We have set out in finding 13, infra, for the years 1954 and 1955 the income7 derived by the Association from each of its various activities and the percentage of its total income from each of these activities. It will be noted that for the year 1954 the income derived from activities not for the common benefit of all amounted to 58.54 percent of the Association's total income, while the income from membership fees and interest amounted to only 41.46 percent. For the year 1955 the income from such activities constituted 59.81 percent of the total income as against 40.19 percent for membership fees and interest.8


We think the fact that such a large percentage of the Association's income was derived from activities for the benefit of individuals is a strong indication that these activities were more than merely incidental. Cf. Scripture Press Foundation v. United States, 285 F.2d 800, 152 Ct.Cl. 463 (1961), cert. denied, 368 U.S. 985, 82 S.Ct. 597, 7 L.Ed.2d 523 (1962).


The only other evidence in the record relevant to this question is the time devoted to these activities by plaintiff's employees as compared with that spent on activities for the common benefit. Plaintiff's managing director testified that he would estimate that roughly about 50 percent of the time of employees of the Association was devoted to its income-producing activities rather than to activities for the improvement of conditions in the retail hardware business as a whole.


We hold that the high percentage of income obtained by the Association from performing particular services for individuals as a convenience and economy in their business and its other income-producing activities, and the amount of time devoted by employees of the Association to the performance of these services is sufficiently substantial so that the income-producing activities cannot be said to be merely incidental activities of the Association, but are one of its two main purposes. Evanston-North Shore Board of Realtors v. United States, supra, 320 F.2d at 382, 162 Ct.Cl. at 694. We are of opinion that Congress did not mean to grant exemption from the payment of taxes to an association engaged to such a large extent in activities ordinarily carried on for profit by persons liable for the payment of taxes on the income derived from such activities.9


The Association is not entitled to recover the income taxes paid for the years 1954, 1955 and 1956. The defendant has conceded the Association's right to a refund of the penalties assessed against and paid by it. The amount of the penalties was $1,262.56. The Association is entitled to recover that amount, together with interest thereon as provided by law. Judgment is entered to that effect.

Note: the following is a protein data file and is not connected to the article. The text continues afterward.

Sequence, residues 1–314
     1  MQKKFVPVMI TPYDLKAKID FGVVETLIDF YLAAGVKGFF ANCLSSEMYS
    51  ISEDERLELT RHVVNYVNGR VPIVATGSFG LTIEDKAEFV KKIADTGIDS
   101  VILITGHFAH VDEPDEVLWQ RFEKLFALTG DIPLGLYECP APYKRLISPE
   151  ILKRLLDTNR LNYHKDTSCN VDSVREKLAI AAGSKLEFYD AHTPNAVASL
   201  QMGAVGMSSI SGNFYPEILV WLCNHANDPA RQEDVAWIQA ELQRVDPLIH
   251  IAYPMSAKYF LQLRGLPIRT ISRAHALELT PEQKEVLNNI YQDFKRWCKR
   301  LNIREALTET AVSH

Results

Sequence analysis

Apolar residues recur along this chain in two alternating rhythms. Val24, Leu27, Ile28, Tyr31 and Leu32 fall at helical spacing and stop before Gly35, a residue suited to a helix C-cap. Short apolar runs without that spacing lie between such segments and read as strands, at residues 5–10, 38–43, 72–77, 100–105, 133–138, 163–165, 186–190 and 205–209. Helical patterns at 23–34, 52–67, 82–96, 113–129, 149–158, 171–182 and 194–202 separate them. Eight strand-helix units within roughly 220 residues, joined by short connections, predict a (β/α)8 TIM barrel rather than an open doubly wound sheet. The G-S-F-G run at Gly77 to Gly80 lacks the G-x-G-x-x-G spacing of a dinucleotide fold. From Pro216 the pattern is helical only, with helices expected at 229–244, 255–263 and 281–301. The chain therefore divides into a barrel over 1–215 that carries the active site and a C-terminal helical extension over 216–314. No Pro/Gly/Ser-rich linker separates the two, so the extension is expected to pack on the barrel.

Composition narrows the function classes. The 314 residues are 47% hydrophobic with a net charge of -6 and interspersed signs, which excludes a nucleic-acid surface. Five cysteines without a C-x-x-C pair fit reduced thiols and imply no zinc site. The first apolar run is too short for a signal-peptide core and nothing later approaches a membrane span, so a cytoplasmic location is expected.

Section 501(c) (6) provides:

"List of exempt organizations. — The following organizations are referred to in subsection (a):

* * * * *

"(6) Business leagues, chambers of commerce, real-estate boards, or boards of trade, not organized for profit and no part of the net earnings of which inures to the benefit of any private shareholder or individual."


Section 501(a) provides:

"Exemption from taxation. — An organization described in subsection (c) * * * shall be exempt from taxation under this subtitle unless such exemption is denied under section 502, 503, or 504."


Treas.Reg. 74 (1929 ed.), Art. 528; Treas.Reg. 77 (Rev.Act of 1932), Art. 528; Treas.Reg. 86 (Rev.Act of 1934), Art. 101(7)-1; Treas.Reg. 101 (Rev.Act of 1938), Art. 101(7)-1; Treas.Reg. 103 (1939 Code), § 19.101(7)-1; Treas.Reg. 111 (1939 Code), § 29.101(7)-1; Treas. Reg. 118 (1939 Code), § 39.101(7)-1


Revenue Act of 1932, ch. 209, § 103(7), 47 Stat. 169; Revenue Act of 1934, ch. 277, § 101(7), 48 Stat. 680; Revenue Act of 1936, ch. 690, § 101(7), 49 Stat. 1648; Revenue Act of 1938, ch. 289, § 101(7), 52 Stat. 447; Internal Revenue Code of 1939 § 101(7)


Prior to its incorporation as the Indiana Retail Hardware Association, Inc., the Association has operated as a non-profit association, the Southern Indiana Retail Hardware Dealers Association, from 1899


Plaintiff's right to exemption had not been questioned until 1951, and exemption was not denied until 1954, but we do not know what the facts were in those prior years


Income means income without allocation of indirect expenses


We are unable to determine from the record the exact percentage of total income derived from each type of activity for the year 1956. There is, however, evidence that the Association engaged in the same type of activities in 1956 as it did in 1954 and 1955; and that its ratio of total receipts to total direct allocable costs and expenses for 1956 was substantially the same as for 1954 and 1955. From this we infer that its ratio of income from the performance of particular services to income from membership fees and interest was approximately the same in 1956 as it was in 1954 and 1955


The Association's argument that the statute of limitations, imposed by section 6501(a) of the Internal Revenue Code of 1954, had run for the years 1954 and 1955 is without merit. See Automobile Club of Michigan v. Commissioner, 353 U.S. 180, 187-188, 77 S.Ct. 707, 1 L.Ed. 2d 746 (1957)